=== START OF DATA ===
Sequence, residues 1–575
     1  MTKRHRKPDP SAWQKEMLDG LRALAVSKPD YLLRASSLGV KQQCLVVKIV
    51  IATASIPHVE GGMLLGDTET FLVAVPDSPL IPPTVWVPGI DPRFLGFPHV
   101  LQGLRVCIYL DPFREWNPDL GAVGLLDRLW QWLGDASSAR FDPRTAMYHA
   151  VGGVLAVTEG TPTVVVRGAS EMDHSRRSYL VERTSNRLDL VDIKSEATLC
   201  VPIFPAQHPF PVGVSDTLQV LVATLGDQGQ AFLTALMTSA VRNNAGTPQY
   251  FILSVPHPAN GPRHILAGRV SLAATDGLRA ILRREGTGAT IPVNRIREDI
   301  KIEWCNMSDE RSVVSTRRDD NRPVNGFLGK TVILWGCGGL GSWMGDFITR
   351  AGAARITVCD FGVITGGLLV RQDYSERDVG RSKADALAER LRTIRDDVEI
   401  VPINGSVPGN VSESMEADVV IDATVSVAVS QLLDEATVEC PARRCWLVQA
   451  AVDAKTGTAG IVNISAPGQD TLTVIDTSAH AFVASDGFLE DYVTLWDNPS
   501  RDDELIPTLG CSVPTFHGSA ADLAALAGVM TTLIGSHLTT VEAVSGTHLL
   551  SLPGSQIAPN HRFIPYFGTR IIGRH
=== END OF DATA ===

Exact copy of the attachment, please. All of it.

Sequence, residues 1–575
     1  MTKRHRKPDP SAWQKEMLDG LRALAVSKPD YLLRASSLGV KQQCLVVKIV
    51  IATASIPHVE GGMLLGDTET FLVAVPDSPL IPPTVWVPGI DPRFLGFPHV
   101  LQGLRVCIYL DPFREWNPDL GAVGLLDRLW QWLGDASSAR FDPRTAMYHA
   151  VGGVLAVTEG TPTVVVRGAS EMDHSRRSYL VERTSNRLDL VDIKSEATLC
   201  VPIFPAQHPF PVGVSDTLQV LVATLGDQGQ AFLTALMTSA VRNNAGTPQY
   251  FILSVPHPAN GPRHILAGRV SLAATDGLRA ILRREGTGAT IPVNRIREDI
   301  KIEWCNMSDE RSVVSTRRDD NRPVNGFLGK TVILWGCGGL GSWMGDFITR
   351  AGAARITVCD FGVITGGLLV RQDYSERDVG RSKADALAER LRTIRDDVEI
   401  VPINGSVPGN VSESMEADVV IDATVSVAVS QLLDEATVEC PARRCWLVQA
   451  AVDAKTGTAG IVNISAPGQD TLTVIDTSAH AFVASDGFLE DYVTLWDNPS
   501  RDDELIPTLG CSVPTFHGSA ADLAALAGVM TTLIGSHLTT VEAVSGTHLL
   551  SLPGSQIAPN HRFIPYFGTR IIGRH